A paradigm is a conceptual framework of ideas, methods and explanatory principles that allows scientists to tackle the questions in their field. One such paradigm is the Modern Evolutionary Synthesis.
The Modern Evolutionary Synthesis, formulated in the 1930s and 1940s, contributed to evolutionary thought by bridging the intellectual and cultural gaps between geneticists, naturalists, and paleontologists. Its tenets were several:
- All evolutionary phenomena can be explained in a way that is consistent with known genetic mechanisms and the observational evidence of naturalists.
- Evolution is gradual and is caused by small genetic changes, recombination and natural selection. Discontinuities among species are explained as originating gradually, through geographical separation and extinction rather than saltation. However, this does not mean that the rate of evolutionary change is constant. Several mass extinctions in the evolutionary history of life give us evidence that massive extinctions leave niches vacant, allowing other species to achieve rapid diversification and speciation.
- Selection is the main driver of change, even if variations in fitness are slight. The object of selection is the phenotype, the externally observable traits of an organism. This is produced by the interaction of the genotype, the heritable information in the form of DNA with its surrounding environment. As the genotype codes for the phenotype, and the genotype is passed through reproduction, the gene is the unit for selection. But as the phenotype are only the external traits, it is the genotype that create them which are selected for, specifically in the form of genes, packets of genetic information within the chromosome. The role of genetic drift is equivocal.
- The genetic diversity of natural populations is a key factor in evolution. But as evolution proceeds through natural selection, several genetic variations are selected against. Thus, natural selection destroys variation which it feeds upon. Also are barriers to gene flow, which are key infuences in genetic drift and speciation.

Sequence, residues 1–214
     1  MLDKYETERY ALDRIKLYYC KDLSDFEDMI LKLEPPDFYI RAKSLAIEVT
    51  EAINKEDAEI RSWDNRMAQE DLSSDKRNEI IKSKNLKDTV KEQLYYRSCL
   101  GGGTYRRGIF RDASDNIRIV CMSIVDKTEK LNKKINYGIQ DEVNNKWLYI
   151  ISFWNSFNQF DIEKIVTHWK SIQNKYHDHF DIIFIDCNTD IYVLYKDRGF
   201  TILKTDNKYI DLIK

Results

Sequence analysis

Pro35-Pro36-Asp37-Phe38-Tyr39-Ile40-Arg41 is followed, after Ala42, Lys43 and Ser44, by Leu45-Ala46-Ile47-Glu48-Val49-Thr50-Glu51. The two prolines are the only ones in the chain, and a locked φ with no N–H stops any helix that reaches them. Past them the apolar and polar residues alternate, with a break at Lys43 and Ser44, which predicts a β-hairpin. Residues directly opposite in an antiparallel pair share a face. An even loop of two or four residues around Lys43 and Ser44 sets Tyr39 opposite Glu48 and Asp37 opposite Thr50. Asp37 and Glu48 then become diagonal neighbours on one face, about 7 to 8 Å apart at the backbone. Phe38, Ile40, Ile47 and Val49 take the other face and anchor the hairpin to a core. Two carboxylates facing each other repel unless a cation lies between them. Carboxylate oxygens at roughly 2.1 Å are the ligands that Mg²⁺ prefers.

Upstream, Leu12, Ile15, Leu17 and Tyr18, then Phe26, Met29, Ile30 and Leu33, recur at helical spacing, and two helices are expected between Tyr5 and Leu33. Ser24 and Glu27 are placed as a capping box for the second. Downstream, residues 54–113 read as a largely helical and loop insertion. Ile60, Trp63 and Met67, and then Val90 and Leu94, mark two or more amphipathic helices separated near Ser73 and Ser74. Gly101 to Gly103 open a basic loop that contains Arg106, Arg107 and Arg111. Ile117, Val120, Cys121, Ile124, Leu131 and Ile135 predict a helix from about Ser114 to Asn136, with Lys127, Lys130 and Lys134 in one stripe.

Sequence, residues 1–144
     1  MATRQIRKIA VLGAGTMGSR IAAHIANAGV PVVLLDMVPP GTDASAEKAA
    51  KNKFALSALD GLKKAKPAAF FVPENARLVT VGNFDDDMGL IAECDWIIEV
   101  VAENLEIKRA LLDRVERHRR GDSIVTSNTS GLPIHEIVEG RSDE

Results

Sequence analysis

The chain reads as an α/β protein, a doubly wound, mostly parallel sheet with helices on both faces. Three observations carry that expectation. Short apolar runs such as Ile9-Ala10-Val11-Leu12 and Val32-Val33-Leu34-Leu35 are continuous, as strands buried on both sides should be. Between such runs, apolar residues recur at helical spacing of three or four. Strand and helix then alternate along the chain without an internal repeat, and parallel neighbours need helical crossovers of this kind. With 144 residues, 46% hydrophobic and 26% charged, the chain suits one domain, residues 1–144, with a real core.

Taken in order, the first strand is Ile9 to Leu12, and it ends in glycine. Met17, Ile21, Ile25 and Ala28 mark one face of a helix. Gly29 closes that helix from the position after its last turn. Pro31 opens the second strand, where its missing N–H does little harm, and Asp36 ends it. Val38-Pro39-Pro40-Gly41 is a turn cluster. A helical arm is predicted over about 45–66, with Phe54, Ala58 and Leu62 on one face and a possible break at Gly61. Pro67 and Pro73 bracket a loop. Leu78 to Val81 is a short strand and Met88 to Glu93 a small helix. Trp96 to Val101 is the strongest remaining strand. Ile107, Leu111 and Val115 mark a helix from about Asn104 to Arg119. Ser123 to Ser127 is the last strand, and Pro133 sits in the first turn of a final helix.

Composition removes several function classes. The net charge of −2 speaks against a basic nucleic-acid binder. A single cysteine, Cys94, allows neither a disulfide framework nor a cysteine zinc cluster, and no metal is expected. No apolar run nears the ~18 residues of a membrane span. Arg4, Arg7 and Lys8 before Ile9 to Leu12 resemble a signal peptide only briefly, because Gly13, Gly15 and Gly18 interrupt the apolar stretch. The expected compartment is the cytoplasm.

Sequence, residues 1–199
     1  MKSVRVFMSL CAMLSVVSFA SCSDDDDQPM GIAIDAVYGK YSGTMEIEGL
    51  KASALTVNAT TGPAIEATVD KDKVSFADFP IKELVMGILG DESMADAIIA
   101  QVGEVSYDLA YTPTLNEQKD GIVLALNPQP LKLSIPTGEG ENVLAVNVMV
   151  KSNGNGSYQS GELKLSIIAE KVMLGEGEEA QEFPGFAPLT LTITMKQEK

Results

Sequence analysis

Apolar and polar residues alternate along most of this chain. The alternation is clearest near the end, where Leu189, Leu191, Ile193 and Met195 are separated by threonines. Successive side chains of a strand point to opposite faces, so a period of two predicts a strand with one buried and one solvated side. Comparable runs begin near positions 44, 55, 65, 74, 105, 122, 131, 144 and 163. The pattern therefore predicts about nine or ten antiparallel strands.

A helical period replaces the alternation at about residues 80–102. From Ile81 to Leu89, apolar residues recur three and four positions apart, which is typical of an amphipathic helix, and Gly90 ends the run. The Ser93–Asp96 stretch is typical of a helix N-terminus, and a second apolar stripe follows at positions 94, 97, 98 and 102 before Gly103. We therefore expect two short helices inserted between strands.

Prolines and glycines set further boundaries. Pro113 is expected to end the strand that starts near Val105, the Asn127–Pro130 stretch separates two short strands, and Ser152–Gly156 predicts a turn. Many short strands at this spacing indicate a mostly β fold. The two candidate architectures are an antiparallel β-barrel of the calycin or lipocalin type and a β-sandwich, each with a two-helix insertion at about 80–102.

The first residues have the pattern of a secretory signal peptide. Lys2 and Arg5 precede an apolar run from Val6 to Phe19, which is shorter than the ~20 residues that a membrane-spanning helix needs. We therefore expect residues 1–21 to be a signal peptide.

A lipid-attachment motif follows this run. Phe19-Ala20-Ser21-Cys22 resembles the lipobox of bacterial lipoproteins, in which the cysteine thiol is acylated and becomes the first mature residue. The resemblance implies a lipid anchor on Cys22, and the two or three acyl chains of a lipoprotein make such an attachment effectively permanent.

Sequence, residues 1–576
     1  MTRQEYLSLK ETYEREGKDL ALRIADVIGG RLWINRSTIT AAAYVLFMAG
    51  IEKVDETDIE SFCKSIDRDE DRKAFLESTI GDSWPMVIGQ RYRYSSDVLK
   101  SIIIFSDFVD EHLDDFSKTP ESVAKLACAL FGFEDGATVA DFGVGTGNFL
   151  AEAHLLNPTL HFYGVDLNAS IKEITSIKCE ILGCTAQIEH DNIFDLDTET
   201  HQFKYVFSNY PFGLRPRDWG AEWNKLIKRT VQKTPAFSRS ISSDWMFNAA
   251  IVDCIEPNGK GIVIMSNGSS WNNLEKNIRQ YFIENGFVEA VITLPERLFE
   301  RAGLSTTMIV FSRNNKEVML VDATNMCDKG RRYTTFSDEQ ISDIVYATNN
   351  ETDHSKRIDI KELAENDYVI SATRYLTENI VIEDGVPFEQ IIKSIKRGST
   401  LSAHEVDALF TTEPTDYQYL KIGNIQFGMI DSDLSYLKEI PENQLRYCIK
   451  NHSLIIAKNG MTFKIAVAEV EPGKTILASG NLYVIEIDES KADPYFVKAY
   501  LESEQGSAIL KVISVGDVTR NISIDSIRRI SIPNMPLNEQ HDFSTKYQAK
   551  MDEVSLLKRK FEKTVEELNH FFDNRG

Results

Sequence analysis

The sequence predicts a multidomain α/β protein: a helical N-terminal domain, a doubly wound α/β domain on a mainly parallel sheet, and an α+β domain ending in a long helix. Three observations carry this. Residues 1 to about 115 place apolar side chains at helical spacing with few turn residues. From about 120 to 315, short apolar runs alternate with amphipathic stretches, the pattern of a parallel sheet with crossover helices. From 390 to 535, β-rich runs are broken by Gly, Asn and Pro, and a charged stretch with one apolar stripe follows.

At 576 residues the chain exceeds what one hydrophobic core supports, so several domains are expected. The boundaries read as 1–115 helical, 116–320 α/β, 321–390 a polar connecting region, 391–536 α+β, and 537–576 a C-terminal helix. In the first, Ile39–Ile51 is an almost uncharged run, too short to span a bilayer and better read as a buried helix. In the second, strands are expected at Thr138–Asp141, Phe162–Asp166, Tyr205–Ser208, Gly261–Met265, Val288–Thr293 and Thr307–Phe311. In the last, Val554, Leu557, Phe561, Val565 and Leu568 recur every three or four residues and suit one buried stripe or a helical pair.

- The fossil record can be explained by extrapolating micro evolutionary observations to macro evolutionary events.
Traditionally, developmental biology, the study if the changes in structure of organisms throughout their life, was viewed as having played little role in the formulation of the modern evolutionary synthesis. However, in the late twentieth century, several biologists have considered and proposed that the statistical framework yielded by the Modern Synthesis was unable to account for several phenomena in biology such as niche construction, epigenetic inheritance and deep homology by which several metazoan phyla have in common. They proposed an "Extended Synthesis," in which several disparate areas of biology such as ecology and, in particular, embrology, would be united with the recent unification of Mendelian Genetics and Darwinian Natural selection which lead to the modern synthesis, or Neodarwinism. . The modern evolutionary synthesis has been continually developed, refined and challenged, and has led to the extension of the Darwinian paradigm of natural selection to include discoveries and concepts unknown to Darwin, such as DNA and genetics.
While the Traditional Evolutionary Synthesis is linked primarily to genetics, related work has been done in a number of fields including engineering, physics, biochemistry, proteiomics, game theory, statistics, ecology, economics, paleontology, embryology, chaos theory, systems theory, neuroscience and computing, that suggest that a future synthesis might be more inclusive.
- Huxley J.S. 1942. Evolution: the modern synthesis. Allen & Unwin, London. 2nd ed 1963; 3rd ed 1974.
- Mayr & Provine 1998
- Mayr E. 1982. The growth of biological thought: diversity, evolution & inheritance. Harvard, Cambs. p567 et seq.
- Pigliucci, Massimo 2007. Do we need an extended evolutionary synthesis? Evolution 61 12, 2743–2749.